There isn’t much to see just yet. The five, low rise, glass-walled pavilions are barely visible at the top of a small incline. Workmen are adding the finishing touches – barriers in the car park, signs, even sand blasting the row of terraced houses opposite.
They’ve got a week to make it all perfect. On 12 December, French president François Hollande will open the latest outpost of the Louvre art museum, in Lens, a former mining town in northern France (pop 36,000). It’s perfectly sited for people living in the south east of England.
The €200m, 28,000 sq feet exhibition space, designed by Japanese minimalist architects Kazuyo Sejima and Ryue Nishizawa, will house masterpieces by Leonardo da Vinci, Botticelli, Raphael, Rubens and Rembrandt. The exhibition ends with Delacroix’s 1830 Liberty Leading the People, a symbol of the French Revolution.
500,000 visitors a year are expected but anything less than a smash hit will be a disappointment. No word yet on opening hours or ticket prices though the Paris Louvre is free for under 18s and €11-15 otherwise.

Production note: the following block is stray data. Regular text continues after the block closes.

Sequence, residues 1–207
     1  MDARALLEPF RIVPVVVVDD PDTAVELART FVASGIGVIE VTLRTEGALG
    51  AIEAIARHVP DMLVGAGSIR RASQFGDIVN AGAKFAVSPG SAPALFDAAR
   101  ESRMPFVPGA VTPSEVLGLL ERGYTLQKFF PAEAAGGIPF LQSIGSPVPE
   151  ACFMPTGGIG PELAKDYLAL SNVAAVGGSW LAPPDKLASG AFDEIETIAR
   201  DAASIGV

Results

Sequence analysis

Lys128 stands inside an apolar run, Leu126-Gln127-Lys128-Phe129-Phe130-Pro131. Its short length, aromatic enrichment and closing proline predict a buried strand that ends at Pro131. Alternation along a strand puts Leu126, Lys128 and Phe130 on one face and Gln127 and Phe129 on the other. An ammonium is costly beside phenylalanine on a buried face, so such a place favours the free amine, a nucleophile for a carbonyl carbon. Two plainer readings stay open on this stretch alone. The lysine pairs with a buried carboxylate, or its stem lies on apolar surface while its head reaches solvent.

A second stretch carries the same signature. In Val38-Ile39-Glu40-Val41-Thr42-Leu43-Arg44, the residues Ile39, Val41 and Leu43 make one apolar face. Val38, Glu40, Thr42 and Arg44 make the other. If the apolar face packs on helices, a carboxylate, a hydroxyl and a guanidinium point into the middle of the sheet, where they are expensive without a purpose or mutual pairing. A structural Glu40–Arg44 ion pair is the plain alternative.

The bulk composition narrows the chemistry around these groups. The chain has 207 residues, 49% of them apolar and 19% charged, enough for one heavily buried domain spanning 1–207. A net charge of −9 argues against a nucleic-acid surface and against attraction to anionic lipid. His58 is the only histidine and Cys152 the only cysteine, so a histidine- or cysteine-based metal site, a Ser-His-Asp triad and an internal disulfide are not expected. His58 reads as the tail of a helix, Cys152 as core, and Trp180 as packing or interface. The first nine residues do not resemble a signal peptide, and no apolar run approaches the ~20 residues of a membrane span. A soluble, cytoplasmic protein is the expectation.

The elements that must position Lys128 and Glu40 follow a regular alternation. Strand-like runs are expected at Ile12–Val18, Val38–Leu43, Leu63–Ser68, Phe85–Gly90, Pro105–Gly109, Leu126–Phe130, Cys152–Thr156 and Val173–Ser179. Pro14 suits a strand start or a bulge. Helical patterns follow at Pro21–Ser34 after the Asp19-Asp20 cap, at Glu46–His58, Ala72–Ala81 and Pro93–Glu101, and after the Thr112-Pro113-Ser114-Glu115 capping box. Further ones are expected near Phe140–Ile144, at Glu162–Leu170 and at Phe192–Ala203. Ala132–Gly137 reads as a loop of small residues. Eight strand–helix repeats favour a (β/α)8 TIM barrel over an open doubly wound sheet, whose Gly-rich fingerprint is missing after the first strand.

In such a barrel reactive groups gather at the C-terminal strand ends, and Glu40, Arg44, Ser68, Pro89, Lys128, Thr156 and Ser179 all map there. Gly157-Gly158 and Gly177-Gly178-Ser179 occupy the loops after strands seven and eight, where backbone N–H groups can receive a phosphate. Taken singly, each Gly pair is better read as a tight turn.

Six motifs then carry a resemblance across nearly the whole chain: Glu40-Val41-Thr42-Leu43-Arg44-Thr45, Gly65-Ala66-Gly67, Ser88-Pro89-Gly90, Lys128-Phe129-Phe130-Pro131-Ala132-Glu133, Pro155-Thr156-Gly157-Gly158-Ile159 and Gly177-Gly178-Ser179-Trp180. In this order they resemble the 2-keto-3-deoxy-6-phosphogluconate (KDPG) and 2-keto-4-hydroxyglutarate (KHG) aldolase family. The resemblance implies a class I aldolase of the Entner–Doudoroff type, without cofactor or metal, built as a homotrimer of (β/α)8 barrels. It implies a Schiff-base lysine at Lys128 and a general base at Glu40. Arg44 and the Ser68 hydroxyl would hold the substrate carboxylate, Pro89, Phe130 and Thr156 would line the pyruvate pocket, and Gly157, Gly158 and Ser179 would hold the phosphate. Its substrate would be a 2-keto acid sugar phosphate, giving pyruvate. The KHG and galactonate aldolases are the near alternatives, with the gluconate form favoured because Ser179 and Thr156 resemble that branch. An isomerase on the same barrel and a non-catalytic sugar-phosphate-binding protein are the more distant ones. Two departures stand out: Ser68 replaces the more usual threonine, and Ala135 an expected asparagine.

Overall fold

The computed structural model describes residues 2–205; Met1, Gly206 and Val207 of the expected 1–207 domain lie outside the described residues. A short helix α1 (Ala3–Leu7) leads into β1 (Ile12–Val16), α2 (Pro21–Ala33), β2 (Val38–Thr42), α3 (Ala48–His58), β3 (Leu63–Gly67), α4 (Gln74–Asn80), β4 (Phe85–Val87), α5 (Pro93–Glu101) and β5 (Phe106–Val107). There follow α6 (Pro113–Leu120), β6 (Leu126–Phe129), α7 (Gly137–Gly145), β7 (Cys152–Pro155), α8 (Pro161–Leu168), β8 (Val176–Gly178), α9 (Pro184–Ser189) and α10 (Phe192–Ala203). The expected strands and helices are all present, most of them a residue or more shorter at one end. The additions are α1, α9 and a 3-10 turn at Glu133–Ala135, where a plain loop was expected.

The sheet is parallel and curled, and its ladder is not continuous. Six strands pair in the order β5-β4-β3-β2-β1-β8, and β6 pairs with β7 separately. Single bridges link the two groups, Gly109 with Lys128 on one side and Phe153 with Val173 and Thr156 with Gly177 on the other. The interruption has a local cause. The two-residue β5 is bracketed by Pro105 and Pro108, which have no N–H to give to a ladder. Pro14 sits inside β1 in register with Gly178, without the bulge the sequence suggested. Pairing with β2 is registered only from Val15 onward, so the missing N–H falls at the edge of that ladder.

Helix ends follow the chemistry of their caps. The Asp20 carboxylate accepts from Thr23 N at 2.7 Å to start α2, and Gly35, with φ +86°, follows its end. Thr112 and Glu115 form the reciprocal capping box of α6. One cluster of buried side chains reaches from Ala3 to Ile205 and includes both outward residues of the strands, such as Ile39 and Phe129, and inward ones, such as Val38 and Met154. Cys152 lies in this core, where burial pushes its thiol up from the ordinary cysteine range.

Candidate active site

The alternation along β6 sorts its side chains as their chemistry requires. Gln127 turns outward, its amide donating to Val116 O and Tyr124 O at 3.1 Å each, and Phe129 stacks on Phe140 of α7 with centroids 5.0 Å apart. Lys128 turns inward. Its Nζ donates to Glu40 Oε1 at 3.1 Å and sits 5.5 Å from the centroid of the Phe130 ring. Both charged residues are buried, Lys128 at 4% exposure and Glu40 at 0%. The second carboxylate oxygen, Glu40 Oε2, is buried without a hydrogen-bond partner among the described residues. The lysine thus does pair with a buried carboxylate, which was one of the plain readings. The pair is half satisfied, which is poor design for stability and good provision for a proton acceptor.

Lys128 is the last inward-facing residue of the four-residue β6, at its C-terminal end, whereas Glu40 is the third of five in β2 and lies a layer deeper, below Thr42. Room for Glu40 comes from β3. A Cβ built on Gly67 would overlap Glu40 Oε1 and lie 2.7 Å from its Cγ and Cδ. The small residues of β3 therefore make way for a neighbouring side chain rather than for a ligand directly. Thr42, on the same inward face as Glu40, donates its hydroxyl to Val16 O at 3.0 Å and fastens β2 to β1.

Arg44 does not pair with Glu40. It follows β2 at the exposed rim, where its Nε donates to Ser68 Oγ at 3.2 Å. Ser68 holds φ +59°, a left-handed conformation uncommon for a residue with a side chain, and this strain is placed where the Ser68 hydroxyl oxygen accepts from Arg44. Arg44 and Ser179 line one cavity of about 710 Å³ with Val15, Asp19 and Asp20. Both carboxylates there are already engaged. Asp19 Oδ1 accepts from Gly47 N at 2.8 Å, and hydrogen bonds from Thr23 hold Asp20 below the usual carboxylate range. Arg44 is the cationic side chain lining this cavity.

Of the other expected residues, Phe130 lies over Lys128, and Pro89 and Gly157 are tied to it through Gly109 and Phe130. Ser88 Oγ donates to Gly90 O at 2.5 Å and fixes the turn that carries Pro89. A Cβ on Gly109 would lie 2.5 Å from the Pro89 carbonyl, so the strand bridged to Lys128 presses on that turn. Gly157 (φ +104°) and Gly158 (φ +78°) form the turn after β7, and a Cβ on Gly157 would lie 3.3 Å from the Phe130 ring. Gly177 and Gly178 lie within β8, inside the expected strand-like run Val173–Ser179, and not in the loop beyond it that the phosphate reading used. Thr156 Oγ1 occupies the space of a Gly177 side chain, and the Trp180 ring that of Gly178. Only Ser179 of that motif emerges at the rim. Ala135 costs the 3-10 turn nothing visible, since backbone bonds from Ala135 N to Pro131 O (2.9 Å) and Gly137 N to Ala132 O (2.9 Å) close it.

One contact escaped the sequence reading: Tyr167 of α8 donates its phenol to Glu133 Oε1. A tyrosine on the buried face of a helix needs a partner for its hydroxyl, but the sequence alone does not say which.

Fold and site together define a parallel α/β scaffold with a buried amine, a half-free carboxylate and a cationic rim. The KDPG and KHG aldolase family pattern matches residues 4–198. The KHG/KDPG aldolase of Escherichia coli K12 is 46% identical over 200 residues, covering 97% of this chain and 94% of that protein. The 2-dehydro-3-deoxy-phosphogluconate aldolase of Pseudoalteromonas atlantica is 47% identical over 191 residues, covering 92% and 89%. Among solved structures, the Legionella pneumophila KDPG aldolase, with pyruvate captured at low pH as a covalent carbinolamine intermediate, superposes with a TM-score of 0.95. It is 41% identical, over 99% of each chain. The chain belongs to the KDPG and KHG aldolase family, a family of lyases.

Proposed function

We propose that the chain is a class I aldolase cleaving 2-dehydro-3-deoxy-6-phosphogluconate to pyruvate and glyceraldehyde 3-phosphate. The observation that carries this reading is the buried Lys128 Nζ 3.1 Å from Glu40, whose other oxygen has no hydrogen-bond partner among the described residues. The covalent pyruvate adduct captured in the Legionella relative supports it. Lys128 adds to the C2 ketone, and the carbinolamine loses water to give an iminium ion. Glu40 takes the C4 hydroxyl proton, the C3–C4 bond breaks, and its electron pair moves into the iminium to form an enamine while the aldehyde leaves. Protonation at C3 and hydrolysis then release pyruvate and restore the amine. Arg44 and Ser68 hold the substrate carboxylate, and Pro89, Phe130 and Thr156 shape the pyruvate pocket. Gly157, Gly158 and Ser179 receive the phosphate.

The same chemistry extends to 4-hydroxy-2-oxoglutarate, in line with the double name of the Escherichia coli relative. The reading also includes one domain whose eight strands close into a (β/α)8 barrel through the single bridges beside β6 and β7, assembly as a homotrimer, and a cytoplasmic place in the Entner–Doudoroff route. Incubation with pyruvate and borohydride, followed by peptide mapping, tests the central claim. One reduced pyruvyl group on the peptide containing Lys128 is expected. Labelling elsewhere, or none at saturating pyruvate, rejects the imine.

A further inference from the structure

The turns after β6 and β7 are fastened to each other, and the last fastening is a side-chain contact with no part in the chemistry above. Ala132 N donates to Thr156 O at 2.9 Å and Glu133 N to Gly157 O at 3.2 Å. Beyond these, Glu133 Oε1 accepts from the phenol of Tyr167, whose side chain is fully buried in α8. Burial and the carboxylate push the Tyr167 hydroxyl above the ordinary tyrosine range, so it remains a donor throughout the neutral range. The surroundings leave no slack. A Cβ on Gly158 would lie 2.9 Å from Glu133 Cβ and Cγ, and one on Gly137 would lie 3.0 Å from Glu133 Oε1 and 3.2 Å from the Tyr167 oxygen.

The museum is already well signposted. Follow signs to Lens Ouest (west), 25 miles by dual carriageway south west of Lille.
It’s just under 65 miles from Calais, the vast majority on the wonderful – smooth, superfast – A26 (€7.20 toll each way) but quicker to Dunkirk – 59 miles – via Lille on the A25 (which is not tolled).
Louvre Lens shares car parking with Stade Bollaert, used in the 1998 World Cup. The area was previously best known for the Battle of Vimy Ridge. A 250 acre memorial, opened by King Edward VIII before his abdication in 1936, is five miles further south.